5. Set Clear Financial Goals: Clearly articulate the shop’s financial targets and how these align with day-to-day operations. Explain how reaching these goals benefits everyone, from job security to potential bonuses.
  6. Review Regularly: Establish a routine with the team of reviewing key financial metrics monthly, with weekly checks on critical areas like parts gross profit and technician productivity. This keeps everyone aligned and allows for course correction to achieve goals.
  7. Use Transparent Communication: Encourage open discussions about financials, where employees can ask questions and express concerns. This fosters an environment of trust and continuous learning.

Practical Implications of Financial Transparency

Dave illustrates the importance of every team member driving towards profitability. Here are some examples of actions the team can take: 

Ensure Everything Goes on the Repair Order: It’s crucial that everything used on the car gets added to the repair order. Overlooked items like brake cleaner and nuts and bolts may not cost much individually, but when they are consistently not added to repair orders, these costs add up and directly impact net profit.

Return Parts Promptly: Failing to return a part like an alternator core means losing the refund and incurring additional costs. These small losses accumulate, significantly affecting the shop’s bottom line over time.

Complete Thorough Inspections on Every Single Vehicle: Incomplete inspections not only mean you may not be catching something on the vehicle that needs urgent repair, but you’re also losing sales opportunities. Every vehicle that comes in the door needs to receive a 100% complete inspection to be thorough in findings. All findings should be estimated and presented to the customer.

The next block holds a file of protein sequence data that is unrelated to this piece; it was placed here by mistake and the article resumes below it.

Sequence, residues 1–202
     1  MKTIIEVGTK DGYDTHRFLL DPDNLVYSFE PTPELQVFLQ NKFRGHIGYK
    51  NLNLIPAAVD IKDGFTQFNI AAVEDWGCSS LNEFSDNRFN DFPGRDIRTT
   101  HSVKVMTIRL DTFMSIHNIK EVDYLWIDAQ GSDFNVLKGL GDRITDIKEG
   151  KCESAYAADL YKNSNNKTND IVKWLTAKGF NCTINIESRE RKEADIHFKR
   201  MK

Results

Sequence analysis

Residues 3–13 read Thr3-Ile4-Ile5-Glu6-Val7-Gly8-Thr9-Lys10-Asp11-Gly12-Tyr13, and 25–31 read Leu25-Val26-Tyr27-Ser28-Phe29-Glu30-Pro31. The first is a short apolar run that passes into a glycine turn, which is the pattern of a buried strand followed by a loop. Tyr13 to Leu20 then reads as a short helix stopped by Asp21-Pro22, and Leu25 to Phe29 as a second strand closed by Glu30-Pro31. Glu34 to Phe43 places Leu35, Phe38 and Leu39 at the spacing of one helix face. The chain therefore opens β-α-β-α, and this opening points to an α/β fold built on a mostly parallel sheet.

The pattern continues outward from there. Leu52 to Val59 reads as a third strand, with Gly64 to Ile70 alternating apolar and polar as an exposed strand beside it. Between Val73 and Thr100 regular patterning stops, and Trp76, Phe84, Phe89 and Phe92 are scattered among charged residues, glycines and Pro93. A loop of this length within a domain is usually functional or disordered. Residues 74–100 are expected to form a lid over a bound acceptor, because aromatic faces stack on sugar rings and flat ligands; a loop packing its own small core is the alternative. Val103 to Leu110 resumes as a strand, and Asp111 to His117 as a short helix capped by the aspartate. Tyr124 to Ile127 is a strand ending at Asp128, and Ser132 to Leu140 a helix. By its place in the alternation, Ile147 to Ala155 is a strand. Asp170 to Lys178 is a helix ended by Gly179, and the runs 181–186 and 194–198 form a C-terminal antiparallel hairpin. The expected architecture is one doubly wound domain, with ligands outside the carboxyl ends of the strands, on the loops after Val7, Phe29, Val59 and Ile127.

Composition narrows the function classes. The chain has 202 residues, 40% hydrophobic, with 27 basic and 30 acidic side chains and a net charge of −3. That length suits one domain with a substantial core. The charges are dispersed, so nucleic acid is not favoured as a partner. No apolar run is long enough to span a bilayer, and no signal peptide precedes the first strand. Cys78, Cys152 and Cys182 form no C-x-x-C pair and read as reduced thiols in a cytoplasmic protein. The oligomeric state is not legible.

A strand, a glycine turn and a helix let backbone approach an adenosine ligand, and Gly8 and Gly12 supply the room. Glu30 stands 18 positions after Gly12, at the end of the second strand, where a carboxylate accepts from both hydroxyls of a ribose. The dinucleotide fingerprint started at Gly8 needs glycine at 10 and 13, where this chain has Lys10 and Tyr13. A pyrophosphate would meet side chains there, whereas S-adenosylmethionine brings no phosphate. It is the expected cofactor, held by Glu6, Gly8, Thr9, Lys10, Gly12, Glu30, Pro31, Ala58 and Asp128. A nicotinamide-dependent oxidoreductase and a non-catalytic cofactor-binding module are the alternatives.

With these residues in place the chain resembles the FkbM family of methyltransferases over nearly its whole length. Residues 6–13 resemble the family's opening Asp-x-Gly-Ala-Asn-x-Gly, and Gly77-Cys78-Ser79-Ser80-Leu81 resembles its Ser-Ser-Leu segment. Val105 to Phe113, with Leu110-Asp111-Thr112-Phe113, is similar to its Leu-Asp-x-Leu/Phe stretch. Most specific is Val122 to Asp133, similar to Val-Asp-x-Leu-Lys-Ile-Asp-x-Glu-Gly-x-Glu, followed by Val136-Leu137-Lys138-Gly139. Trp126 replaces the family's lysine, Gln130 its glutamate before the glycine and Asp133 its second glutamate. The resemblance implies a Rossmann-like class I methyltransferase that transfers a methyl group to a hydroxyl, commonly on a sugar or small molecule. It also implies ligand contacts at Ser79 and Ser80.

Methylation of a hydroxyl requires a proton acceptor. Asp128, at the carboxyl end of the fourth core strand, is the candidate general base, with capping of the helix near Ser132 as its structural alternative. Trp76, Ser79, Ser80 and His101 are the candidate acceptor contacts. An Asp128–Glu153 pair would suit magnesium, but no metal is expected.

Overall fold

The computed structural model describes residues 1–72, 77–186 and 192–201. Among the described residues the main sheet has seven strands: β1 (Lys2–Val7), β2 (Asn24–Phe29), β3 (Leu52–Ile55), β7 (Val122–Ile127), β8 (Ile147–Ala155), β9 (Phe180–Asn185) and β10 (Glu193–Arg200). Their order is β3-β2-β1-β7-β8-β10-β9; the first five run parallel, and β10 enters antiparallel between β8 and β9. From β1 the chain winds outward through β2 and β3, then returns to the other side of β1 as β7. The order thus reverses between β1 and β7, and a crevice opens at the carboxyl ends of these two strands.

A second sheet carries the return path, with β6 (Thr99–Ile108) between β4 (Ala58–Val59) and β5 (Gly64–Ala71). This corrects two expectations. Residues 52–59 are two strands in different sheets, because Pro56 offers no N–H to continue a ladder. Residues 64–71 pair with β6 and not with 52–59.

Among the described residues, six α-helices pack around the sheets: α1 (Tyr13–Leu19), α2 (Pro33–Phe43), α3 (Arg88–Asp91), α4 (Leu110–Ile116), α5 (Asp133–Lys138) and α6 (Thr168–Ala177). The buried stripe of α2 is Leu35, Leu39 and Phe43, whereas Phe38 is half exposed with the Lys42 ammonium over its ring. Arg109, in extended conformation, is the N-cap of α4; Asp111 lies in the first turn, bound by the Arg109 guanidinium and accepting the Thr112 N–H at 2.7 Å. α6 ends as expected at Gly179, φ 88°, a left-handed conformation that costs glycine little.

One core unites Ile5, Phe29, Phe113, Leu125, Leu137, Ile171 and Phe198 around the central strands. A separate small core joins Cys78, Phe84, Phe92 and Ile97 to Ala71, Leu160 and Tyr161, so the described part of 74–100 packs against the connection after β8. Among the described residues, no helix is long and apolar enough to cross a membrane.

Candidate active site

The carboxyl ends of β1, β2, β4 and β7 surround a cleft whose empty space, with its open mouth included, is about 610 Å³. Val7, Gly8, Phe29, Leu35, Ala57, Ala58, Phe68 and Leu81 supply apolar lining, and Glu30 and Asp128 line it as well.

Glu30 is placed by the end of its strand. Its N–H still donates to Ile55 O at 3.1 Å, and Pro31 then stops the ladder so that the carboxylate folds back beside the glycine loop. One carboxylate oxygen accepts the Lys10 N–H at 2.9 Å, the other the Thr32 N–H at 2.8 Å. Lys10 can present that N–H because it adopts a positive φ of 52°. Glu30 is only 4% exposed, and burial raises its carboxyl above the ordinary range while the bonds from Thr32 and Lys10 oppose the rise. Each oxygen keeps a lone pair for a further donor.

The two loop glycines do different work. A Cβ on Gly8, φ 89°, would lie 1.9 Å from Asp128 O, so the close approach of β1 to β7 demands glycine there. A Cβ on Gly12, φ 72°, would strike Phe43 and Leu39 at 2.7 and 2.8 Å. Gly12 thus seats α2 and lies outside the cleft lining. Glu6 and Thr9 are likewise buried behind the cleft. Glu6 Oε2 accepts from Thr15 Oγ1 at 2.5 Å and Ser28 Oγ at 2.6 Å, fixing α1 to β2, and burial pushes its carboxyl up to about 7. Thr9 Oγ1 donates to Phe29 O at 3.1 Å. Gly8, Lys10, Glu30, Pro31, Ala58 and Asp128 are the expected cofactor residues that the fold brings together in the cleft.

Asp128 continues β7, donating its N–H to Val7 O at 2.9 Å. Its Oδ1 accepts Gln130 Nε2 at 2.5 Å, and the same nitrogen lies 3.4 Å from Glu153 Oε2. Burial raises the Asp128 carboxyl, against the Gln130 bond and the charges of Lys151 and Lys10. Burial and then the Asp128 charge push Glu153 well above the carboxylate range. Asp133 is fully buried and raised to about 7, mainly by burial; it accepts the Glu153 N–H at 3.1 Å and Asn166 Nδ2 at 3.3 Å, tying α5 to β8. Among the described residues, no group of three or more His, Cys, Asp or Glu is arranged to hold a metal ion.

Maintain Strong Internal Communication: Service advisors and technicians must work closely to ensure everything is included in the repair order. This includes understanding how long the technician thinks the job will take and making sure all parts and labor are accounted for accurately.

Discount Less: Minimizing discounts helps maintain profitability and ensures that the shop is adequately compensated for the services provided.

More about Dave

Dave Kusa, owner of Autotrend Diagnostics, has over 34 years of experience in the automotive service aftermarket. After graduating from De Anza College Automotive Technology Program in Cupertino, CA, in 1984, he began working as a Diagnostic Technician, Shop Foreman, and Service Advisor. Dave accepted a position at Autotrend Diagnostics in 2000 and became the shop owner in 2001. He, his wife Judy, and daughters Katie and Kristi continue to run Autotrend as a family business.

After training with many of the best automotive business trainers, Dave hired Ray Kunz of the Automotive Coaching and Training Group to continue his education and move Autotrend Diagnostics to the next level. Dave is also very involved in the industry. He has worked with the Automotive Service Association (ASA) on the Mechanical Operations Committee, currently serves as the chair of the Automotive Service Councils of California’s (ASCCA) Government Relations Committee, and recently completed his term as the 2017 ASCCA State President.

Dave believes industry involvement, ongoing technical and shop management training, and education are critical to the continued success and growth of anyone in the automotive aftermarket industry, especially now that automotive technology is changing rapidly.

Dave’s words to live by are “adapt or become obsolete.”